When superpowers are in right position, UN's star rises

This week is marked by an extraordinary coincidence of peacemaking, with the long neglected, belittled, and abused United Nations playing a major role. There is a revival of UN usefulness. Four of the world's most bloody and long festering and tenacious wars seem to be on the way to settlements, and three of the four emerging compromises are being managed by or through UN mediation.

In the Gulf, both Iraq and Iran have agreed to a peace process. UN officials are negotiating terms.

Negotiations for peace between South Africa and Angola have reached the point where Cubans were reportedly readying to welcome their soldiers home from a decade of fighting in southwest regions of Africa. A key part of the settlement includes a UN plan for independence of Namibia (South-West Africa).

In Afghanistan, Soviet troops continued their withdrawal, under a UN agreement hammered out earlier this year.

In South Asia, Cambodian political groups were trying to form a coalition government to take over the country when Vietnamese troops complete their promised withdrawal.

Two features of this four-part progression toward peace are particularly notable.

All four have matured since last December's Reagan-Gorbachev summit in Washington and its May sequel in Moscow. And three of the four have been arranged either through, or with the assistance of, the UN. The fourth, Cambodia, has had an indirect UN component.

The above does not mean that the UN is suddenly becoming an initiating force in the world. No one at the UN has caused any of these four situations to move suddenly toward solution.

But there is a revival of a UN role in the peacemaking process and renewed appreciation among the great powers for the ways in which the machinery of the UN can be used to achieve settlements whenever the superpowers agree to seek a compromise.

It is obvious that not one of these four situations would move toward settlement without an agreement between Moscow and Washington in the background. Where the two join in wishing an end to a regional war, the UN can provide both a neutral mediator and a face-saving device for the loser.

In the Gulf war Iran is the loser. It is ready to accept UN mediation because it has sustained serious military setbacks and stands to suffer more. There has apparently been a breakdown of morale on the Iranian side. The Iraqis this week staged what were called ``invasions'' by the Iranians. In fact, they were raids into Iran to bag prisoners.

It is impossible for the government of Iran to admit that it is losing. It is politically possible for Iran's leader, the Ayatollah, to defer to the wishes of the UN and accept the peacemaking process.

The current Secretary-General of the UN, Javier P'erez de Cu'ellar, has proved to be wise and skillful as a neutral mediator. He has moved when and where he was wanted. He has been successful in finding common ground between the conflicting positions of the warring countries.

As a result of his quiet intervention, he has played a major role in Afghanistan and the Gulf. The UN was the primary channel through which the Soviet withdrawal from Afghanistan was negotiated. Mr. P'erez de Cu'ellar is at the center of this week's maneuverings over the details of a cease-fire for the Gulf.

The negotiations for an end to Angola's decade-long civil war have been conducted largely by the parties themselves, through US officials. But the linked issue of independence for neighboring Namibia is based on a UN initiative. And the UN is expected to play a key role in maintaining any peace accord in Cambodia.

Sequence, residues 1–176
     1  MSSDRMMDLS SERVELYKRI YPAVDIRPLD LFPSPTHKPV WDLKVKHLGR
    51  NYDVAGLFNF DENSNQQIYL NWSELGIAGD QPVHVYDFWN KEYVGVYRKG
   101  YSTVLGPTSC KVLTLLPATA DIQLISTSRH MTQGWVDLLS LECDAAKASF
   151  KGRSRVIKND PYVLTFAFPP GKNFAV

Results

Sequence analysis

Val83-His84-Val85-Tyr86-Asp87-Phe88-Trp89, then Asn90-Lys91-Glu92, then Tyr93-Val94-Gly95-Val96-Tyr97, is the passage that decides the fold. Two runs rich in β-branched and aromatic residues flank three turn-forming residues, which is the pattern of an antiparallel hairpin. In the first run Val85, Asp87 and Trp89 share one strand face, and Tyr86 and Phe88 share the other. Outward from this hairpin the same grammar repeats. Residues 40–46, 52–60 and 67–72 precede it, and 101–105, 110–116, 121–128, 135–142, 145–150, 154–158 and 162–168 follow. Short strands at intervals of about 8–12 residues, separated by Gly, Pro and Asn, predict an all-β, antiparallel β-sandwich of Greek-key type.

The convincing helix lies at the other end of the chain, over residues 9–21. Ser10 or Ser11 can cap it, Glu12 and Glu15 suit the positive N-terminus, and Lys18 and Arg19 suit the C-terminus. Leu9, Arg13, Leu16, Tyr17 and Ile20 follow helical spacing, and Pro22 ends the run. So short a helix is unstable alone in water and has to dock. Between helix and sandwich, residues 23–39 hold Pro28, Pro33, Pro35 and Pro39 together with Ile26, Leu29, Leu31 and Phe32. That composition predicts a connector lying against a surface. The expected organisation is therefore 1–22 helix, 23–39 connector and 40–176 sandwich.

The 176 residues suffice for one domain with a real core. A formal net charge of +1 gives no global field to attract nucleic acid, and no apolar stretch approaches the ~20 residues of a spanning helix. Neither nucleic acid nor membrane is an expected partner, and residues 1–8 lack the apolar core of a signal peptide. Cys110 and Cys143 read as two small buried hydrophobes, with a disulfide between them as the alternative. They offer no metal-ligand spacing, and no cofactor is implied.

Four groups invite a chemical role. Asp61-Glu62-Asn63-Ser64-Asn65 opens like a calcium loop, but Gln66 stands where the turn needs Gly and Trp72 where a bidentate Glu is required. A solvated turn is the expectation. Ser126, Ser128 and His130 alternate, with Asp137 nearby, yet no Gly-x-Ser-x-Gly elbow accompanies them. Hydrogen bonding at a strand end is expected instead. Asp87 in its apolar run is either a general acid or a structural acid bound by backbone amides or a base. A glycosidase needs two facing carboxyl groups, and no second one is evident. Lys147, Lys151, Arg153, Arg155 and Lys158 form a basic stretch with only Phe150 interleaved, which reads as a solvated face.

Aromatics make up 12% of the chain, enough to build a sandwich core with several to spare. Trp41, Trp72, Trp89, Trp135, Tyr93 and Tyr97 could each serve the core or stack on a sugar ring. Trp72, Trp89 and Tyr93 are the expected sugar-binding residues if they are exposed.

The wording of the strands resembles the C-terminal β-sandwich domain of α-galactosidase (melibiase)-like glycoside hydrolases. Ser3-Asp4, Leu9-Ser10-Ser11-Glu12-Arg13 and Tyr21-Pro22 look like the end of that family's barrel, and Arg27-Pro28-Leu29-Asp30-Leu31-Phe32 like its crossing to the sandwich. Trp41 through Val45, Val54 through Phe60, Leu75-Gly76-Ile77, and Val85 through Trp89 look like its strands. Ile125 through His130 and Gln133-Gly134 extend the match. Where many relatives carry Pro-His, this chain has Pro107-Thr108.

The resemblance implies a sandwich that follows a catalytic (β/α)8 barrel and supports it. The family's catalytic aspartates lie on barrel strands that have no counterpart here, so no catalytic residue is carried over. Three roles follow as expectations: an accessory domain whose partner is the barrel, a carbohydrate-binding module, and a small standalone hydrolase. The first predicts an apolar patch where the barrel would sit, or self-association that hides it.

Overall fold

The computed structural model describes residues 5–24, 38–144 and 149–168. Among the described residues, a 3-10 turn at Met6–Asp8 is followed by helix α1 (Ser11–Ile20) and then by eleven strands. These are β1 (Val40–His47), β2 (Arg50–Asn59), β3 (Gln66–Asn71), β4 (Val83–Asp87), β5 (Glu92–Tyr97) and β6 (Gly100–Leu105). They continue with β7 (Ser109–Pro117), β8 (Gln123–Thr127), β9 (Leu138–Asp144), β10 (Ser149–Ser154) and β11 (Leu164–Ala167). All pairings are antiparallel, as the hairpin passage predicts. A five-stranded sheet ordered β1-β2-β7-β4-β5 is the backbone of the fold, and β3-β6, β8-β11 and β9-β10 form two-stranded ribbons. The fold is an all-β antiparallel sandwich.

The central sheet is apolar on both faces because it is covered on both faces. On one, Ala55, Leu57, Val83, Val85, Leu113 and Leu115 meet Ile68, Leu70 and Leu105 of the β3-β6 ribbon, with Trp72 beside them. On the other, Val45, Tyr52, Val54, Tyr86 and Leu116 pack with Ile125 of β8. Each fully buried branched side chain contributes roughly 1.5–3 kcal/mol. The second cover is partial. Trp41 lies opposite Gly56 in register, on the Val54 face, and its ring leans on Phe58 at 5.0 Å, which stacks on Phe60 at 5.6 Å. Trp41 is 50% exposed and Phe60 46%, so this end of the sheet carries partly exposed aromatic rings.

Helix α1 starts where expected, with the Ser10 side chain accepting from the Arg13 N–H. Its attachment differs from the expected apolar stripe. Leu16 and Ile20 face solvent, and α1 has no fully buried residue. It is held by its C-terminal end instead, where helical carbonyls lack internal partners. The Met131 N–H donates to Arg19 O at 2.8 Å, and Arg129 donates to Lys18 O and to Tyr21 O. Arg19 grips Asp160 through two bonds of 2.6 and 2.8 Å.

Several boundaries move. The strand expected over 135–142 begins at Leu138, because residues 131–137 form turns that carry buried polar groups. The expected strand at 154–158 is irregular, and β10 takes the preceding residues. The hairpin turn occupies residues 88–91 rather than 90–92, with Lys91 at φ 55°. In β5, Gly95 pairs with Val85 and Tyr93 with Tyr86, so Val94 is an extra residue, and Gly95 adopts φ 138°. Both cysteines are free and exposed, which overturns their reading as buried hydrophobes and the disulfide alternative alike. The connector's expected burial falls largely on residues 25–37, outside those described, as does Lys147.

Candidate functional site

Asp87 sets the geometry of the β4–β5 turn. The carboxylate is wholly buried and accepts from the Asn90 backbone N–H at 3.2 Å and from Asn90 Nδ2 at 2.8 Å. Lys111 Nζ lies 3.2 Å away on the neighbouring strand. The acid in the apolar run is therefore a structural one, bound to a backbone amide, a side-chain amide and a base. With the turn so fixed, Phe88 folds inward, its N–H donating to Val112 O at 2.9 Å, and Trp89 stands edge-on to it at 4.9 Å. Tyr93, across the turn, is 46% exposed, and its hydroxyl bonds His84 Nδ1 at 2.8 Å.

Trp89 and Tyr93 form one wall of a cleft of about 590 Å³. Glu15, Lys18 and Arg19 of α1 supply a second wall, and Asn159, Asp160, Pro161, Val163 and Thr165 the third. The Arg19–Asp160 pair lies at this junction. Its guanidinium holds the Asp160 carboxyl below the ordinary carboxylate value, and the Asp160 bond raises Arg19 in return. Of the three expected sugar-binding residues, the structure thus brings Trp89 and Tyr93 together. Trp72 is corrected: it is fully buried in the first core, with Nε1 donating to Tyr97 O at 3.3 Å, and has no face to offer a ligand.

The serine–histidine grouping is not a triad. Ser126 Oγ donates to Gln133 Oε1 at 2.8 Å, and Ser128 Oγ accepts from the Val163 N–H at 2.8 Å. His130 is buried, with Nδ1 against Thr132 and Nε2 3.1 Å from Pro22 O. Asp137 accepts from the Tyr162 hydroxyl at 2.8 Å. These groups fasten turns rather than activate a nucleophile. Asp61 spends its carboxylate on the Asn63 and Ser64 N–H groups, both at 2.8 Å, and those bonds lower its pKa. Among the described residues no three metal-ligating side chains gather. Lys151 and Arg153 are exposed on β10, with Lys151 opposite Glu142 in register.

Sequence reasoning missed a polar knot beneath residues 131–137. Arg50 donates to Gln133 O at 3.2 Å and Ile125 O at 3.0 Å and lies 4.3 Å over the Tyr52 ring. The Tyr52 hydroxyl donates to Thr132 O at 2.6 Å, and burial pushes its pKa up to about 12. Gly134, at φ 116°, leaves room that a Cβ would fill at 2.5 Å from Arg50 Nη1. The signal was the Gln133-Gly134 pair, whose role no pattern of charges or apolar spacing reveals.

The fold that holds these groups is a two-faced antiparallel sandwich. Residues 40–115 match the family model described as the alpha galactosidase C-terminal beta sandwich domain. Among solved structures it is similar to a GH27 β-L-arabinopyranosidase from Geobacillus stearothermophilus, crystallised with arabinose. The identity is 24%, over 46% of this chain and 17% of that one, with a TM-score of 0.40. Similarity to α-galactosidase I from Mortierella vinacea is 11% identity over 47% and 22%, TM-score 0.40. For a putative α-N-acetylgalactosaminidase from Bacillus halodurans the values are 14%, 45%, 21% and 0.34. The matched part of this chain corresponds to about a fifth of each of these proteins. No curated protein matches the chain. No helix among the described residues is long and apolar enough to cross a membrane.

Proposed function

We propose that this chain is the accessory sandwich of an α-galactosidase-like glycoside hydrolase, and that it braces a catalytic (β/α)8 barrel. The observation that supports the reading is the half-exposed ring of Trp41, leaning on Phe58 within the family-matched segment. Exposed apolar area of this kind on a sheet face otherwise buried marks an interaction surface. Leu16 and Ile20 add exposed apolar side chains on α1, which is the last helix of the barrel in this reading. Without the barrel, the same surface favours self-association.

In other words, we are seeing in operation the UN proving its usefulness and being what its wiser founders expected it to be: not a super-government, but a marketplace where nations can conveniently do their diplomatic business if and when they choose to do so.

The UN has gone through many phases in its brief history. In the beginning it was useful in helping to settle the world which emerged from the wreckage of World War II.

The organization became at one time an instrument of US diplomacy. During the Korean war the Soviets walked out of the UN. The US seized the opportunity to gain effective control of the organization. When US troops fought in Korea against North Korea and China, they fought under the UN flag. It was of great propaganda advantage to be fighting as the official agent of the world's nations.

The Soviets came back, regained the veto power they lost during the walkout, and never repeated that mistake.

After the Korean war, there followed a period of proliferation of new independent member nations from former colonial empires.

Many of the new countries are Muslim, and sympathize automatically with the Arabs against Israel. On any issue touching Israel the US has almost always had to use its veto to prevent an anti-Israel conclusion.

As a result of the pro-Arab majority, the US moved into an anti-UN posture. During the Kissinger era, the tendency in Washington was to resent the UN, treat it with contempt, and toy with the idea of withdrawing from it and pushing it out of the US entirely.

However, Henry Kissinger found UN peacekeeping forces useful when he wanted to stabilize Israel's frontiers.

The UN has been in a sort of twilight zone of general neglect from then until now when both the US and the USSR are finding it to be an instrument for settling such wars as they mutually consider ripe for settlement.

There is a decided revival of appreciation of the UN as a useful instrument for mitigating wars and danger of wars.

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